Why not come prepared?!
Every time I sit down with a client to design a new kitchen, halachic questions always arise at one point or another.
Granted, I’ve been dealing with these halachic issues for many years, and I've received many responses from different rabbis for most of my questions. However, a rabbi I am not! So- I've put together a list of frequently asked questions – get your Rav's psak, and come prepared to your meeting with your kitchen designer.
- When it comes to kashering countertops for Pesach, is there a difference between granite and Ceaserstone? Is it possible to kasher Corian countertops for Pesach?
- I know Stainless steel sinks can be kashered between meat and milk and for Pesach too, but I don’t like stainless steel. Can other materials, such as Silgranite, ceramic and acrylic also be kashered?
- Induction stoves (If you haven’t heard about this ingenious invention yet, stop what you're doing and google it right now – they're amazing!) can I use the same burner for both meat and milk? Can they be kashered for Pesach?
- I don’t have room for two dishwashers in my kitchen. Can I use a single one for both meat and milk? Under what conditions is this possible?
- I heard it's okay to use a dishwasher on Shabbat as long as you have a 'Machon Tsomet' device installed. Is this true? Can I use a Shabbat timer if I have this device?
- I would only want to have one oven in my kitchen. Can I use it for both milk and meat? How long would I need to wait between cooking meat and milk and vice versa?
- I would like to purchase a double oven and use both of them simultaneously. In this case, can I cook meat and milk at the same time?
And here are a few more questions you might not have even thought of asking:
Refrigerator: Do you have one of these magnets on your fridge?
(I'm sure you will never forget that Shabbos you actually forgot.) These magnets are completely passé now- the light is the least of our problems. Refrigerators now come equipped with sophisticated computerized systems that do things we don’t even know about. For example, some automatically count each opening/closing of the door, and can regulate the cooling mechanism accordingly. This, of course, can be problematic for Shabbat. Therefore, it's important to check if a refrigerator is "certified" to be used on Shabbat, or at least that a special mechanism can be ordered to make it possible to be used on Shabbat.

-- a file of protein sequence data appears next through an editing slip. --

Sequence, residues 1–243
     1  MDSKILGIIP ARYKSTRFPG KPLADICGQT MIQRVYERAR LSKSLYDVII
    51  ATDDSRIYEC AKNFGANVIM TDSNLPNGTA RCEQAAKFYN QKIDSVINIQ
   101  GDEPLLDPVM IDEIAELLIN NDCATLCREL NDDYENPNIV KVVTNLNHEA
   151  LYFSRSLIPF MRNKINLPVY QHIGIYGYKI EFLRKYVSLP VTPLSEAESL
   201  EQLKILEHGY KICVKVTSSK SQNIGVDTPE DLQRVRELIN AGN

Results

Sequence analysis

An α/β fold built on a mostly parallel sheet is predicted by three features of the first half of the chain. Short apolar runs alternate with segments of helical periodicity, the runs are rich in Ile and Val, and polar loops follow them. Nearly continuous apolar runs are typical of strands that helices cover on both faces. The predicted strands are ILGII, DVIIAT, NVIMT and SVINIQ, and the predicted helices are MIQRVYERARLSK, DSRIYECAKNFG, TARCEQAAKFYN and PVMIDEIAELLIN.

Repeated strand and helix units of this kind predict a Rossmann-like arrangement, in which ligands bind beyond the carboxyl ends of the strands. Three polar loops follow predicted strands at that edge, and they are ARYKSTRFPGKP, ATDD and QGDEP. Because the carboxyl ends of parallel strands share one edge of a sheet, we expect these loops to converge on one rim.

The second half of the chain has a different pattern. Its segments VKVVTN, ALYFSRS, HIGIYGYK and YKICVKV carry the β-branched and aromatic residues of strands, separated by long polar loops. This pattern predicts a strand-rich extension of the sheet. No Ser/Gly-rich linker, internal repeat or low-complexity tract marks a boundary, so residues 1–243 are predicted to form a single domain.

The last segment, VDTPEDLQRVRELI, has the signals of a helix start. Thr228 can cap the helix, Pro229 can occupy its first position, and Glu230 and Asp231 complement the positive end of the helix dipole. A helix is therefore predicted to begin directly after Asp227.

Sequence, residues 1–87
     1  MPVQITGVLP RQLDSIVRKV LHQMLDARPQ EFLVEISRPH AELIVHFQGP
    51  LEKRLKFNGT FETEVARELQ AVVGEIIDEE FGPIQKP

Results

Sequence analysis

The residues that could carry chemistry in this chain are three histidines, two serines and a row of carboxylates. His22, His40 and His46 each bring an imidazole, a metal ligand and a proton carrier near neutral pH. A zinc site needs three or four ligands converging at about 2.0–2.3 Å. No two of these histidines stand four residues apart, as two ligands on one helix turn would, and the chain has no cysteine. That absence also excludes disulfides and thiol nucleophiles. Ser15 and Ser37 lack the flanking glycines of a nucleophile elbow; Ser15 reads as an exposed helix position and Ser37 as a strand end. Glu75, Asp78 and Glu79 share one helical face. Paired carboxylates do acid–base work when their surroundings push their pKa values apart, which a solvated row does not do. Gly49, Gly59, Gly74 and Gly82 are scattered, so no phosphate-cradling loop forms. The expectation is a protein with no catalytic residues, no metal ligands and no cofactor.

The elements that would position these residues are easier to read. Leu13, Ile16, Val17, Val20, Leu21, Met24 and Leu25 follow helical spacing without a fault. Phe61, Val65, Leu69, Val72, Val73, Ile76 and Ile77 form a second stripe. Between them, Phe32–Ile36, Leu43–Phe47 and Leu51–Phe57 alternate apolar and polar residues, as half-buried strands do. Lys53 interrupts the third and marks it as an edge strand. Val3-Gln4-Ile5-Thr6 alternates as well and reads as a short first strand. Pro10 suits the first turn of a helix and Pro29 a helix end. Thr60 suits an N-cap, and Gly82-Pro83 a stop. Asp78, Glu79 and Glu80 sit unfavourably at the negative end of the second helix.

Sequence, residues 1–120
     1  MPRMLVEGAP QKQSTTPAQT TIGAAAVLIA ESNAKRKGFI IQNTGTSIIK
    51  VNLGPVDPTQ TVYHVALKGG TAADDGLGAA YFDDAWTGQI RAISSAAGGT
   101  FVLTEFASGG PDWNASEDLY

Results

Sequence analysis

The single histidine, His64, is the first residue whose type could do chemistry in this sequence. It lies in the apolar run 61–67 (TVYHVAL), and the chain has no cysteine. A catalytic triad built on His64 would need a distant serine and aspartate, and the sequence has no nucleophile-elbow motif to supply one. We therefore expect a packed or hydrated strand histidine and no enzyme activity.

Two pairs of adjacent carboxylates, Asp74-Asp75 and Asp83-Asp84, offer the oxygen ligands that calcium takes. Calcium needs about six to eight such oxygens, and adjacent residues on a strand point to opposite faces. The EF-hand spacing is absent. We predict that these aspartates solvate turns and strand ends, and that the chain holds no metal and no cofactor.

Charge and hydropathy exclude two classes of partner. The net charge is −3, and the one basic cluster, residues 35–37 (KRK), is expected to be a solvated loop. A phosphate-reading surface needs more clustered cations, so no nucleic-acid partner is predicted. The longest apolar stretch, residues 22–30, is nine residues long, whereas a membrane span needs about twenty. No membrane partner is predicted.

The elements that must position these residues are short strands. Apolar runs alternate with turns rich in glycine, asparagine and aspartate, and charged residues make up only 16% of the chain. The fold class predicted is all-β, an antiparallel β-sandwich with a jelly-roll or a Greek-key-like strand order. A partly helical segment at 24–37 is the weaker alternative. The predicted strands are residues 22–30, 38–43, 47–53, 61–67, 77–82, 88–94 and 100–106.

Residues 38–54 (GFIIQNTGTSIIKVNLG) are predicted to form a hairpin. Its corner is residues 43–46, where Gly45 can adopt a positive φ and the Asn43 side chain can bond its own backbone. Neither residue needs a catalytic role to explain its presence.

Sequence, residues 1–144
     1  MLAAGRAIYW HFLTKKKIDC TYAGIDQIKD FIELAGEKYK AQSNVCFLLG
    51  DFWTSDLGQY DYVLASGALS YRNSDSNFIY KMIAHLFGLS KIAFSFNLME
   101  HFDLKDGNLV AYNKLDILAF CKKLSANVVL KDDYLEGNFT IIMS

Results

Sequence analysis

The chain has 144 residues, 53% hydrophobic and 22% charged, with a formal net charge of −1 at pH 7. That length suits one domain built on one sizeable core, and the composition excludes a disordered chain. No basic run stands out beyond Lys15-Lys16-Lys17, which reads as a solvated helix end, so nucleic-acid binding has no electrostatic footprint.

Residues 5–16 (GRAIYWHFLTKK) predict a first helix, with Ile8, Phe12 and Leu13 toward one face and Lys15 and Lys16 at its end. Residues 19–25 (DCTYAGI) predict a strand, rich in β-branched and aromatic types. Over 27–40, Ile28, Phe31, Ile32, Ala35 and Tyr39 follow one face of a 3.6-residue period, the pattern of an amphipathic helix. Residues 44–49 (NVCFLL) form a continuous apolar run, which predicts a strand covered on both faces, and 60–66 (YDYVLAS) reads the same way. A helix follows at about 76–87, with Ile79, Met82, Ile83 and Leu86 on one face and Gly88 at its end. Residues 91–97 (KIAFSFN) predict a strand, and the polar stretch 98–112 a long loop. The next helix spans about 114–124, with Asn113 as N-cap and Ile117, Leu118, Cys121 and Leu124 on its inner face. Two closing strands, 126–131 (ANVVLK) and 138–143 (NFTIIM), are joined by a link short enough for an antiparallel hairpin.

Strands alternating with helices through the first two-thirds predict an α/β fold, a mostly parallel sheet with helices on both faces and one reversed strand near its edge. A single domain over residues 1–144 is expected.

However, you should be aware that sometimes, having such a mechanism installed by a technician nullifies the manufacturer's warranty. It's important to find out before you purchase a fridge what the ramifications of installing such a mechanism is, how it will affect the fridge's functioning, and – most importantly – can this mechanism be installed by the service provider and also be under warranty.
One more important question you should ask is: In models that have a built-in Shabbat mechanism, if there is a power outage, when the power comes back on, does the fridge revert back to non-Shabbat status? (That would be a real bummer, right?) So, check this out before you make your purchase.
Oven: If you like to leave your oven on to cook and bake on Yom Tov, you should know that some ovens turn off automatically after 12 or 24 hours. Even if you put a Shabbat timer on, if your oven digital, it won't always turn back on after the electricity turns off. If this is a big deal to you, then it should be taken into consideration when you decide which oven to buy.
Looking forward to our next tip,
Creating spaces people want to live in